A front-page story in Sunday’s New York Times featured this main headline and subhead:
Behind an Anti-Shariah Push
Orchestrating a Seemingly Grass-Roots Campaign
The 2,800-word report on “The Man Behind the Anti-Shariah Movement” carried a Nashville dateline, but Rick Bragg could have provided more actual details from the Volunteer State from the comfort of his hotel room.
The top of the story:
NASHVILLE – Tennessee’s latest woes include high unemployment, continuing foreclosures and a battle over collective-bargaining rights for teachers. But when a Republican representative took the Statehouse floor during a recent hearing, he warned of a new threat to his constituents’ way of life: Islamic law.
The representative, a former fighter pilot named Rick Womick, said he had been studying the Koran. He declared that Shariah, the Islamic code that guides Muslim beliefs and actions, is not just an expression of faith but a political and legal system that seeks world domination. “Folks,” Mr. Womick, 53, said with a sudden pause, “this is not what I call ‘Do unto others what you’d have them do unto you.’ ”
Similar warnings are being issued across the country as Republican presidential candidates, elected officials and activists mobilize against what they describe as the menace of Islamic law in the United States.
Now, right off the bat, the Times seems intent on making Womick sound like a complete idiot. With his state facing real economic and educational concerns, he’s wasting time voicing concerns about Shariah. Amazing.
What does Womick have to say about his lack of concern for the truly important issues of the day? Well, that’s a potentially good question. But the above opening section of the story represents the entirety of Womick’s cameo appearance (playing the role of modern-day moron).
Good news for Womick, though: He’s not the main villain in this story. That, um, honor belongs to someone else. To wit:
A confluence of factors has fueled the anti-Shariah movement, most notably the controversy over the proposed Islamic center near ground zero in New York, concerns about homegrown terrorism and the rise of the Tea Party. But the campaign’s air of grass-roots spontaneity, which has been carefully promoted by advocates, shrouds its more deliberate origins.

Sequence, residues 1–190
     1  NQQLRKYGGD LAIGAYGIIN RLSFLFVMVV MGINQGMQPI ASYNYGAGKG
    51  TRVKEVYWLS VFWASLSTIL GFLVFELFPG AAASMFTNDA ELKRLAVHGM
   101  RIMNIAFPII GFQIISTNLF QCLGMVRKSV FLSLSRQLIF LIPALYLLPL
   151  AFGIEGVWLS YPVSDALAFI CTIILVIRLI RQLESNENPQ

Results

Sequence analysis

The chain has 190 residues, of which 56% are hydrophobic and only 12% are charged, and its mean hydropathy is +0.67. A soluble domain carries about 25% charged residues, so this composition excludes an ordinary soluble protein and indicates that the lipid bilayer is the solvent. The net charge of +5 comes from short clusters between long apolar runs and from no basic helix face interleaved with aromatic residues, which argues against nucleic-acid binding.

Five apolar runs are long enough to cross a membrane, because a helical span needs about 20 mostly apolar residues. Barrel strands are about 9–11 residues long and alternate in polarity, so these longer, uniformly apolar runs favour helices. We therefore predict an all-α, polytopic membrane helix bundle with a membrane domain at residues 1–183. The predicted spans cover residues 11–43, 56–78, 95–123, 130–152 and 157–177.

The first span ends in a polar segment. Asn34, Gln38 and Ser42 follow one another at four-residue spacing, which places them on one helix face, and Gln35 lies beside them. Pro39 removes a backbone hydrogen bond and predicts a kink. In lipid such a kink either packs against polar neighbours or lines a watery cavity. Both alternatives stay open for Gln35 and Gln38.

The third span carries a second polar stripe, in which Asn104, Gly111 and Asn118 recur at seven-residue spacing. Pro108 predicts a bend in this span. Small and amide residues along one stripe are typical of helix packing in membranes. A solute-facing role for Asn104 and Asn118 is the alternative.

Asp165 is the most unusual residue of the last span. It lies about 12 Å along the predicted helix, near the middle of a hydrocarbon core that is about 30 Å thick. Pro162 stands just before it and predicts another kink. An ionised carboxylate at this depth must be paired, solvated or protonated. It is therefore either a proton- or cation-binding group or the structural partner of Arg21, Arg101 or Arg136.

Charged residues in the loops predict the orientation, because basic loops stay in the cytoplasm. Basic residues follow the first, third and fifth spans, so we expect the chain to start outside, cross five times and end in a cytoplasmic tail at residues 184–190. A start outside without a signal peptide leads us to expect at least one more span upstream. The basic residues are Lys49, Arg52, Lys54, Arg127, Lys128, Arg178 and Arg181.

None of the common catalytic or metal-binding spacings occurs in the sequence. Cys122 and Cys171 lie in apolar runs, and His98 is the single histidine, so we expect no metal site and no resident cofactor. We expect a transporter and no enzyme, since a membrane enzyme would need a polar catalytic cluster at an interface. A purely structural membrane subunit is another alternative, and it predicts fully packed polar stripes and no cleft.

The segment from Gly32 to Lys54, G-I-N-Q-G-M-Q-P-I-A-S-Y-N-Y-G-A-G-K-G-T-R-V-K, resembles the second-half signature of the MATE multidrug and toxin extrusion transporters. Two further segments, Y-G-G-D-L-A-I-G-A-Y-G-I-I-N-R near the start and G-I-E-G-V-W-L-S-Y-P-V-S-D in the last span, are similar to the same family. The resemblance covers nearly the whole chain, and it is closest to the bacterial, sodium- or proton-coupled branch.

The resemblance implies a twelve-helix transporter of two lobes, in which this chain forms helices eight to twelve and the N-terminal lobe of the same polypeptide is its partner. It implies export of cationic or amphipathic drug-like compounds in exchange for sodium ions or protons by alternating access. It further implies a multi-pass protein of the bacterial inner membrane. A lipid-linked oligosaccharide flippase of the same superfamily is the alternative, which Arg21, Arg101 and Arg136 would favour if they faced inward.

In fact, it is the product of an orchestrated drive that began five years ago in Crown Heights, Brooklyn, in the office of a little-known lawyer, David Yerushalmi, a 56-year-old Hasidic Jew with a history of controversial statements about race, immigration and Islam. Despite his lack of formal training in Islamic law, Mr. Yerushalmi has come to exercise a striking influence over American public discourse about Shariah.
Working with a cadre of conservative public-policy institutes and former military and intelligence officials, Mr. Yerushalmi has written privately financed reports, filed lawsuits against the government and drafted the model legislation that recently swept through the country — all with the effect of casting Shariah as one of the greatest threats to American freedom since the cold war.
Notice anything missing from the above summary of this report?
It could be that it’s entirely accurate and the facts are 100 percent correct. From a journalistic perspective, though, my problem is the lack of attribution. Actually, that’s my major problem with the entire story: So much is reported as fact without — in my view — adequate sourcing and attribution.
Keep reading, and the Times uses a blanket approach and broad statements to tie Yerushalmi to the laws that have passed in Tennessee, Oklahoma and Arizona, but there’s no specific evidence presented of his involvement in those states. No state officials who supported anti-Shariah measures are asked:
* Have you ever heard of David Yerushalmi or talked to him?
* Are you aware that he has made controversial statements about race, immigration and Islam? By supporting the anti-Shariah measure in your state, did you, in fact, endorse such statements?
* Did the measure in your state result from grass-roots concerns or an orchestrated effort?
The story does manage to make a sweeping Norway reference:
The more tangible effect of the movement, opponents say, is the spread of an alarmist message about Islam — the same kind of rhetoric that appears to have influenced Anders Behring Breivik, the suspect in the deadly dual attacks in Norway on July 22. The anti-Shariah campaign, they say, appears to be an end in itself, aimed at keeping Muslims on the margins of American life.
This is one of those stories where you wonder if a piece about apples and oranges has been combined into a really weird-tasting fruit concoction. Is it a story about one crazy man’s influence? Or is it a story about whether anti-Shariah state laws are good or bad? Or is it both? If it is both, is it really possible for a single story to tackle both questions in a satisfactory way?
Maybe I’m being overly critical.
Read the full story and weigh in. If you decide to comment, remember that GetReligion is a journalism site and not a place for advocates on either side to argue the issues. In other words, let’s stay focused on the media coverage questions. Please.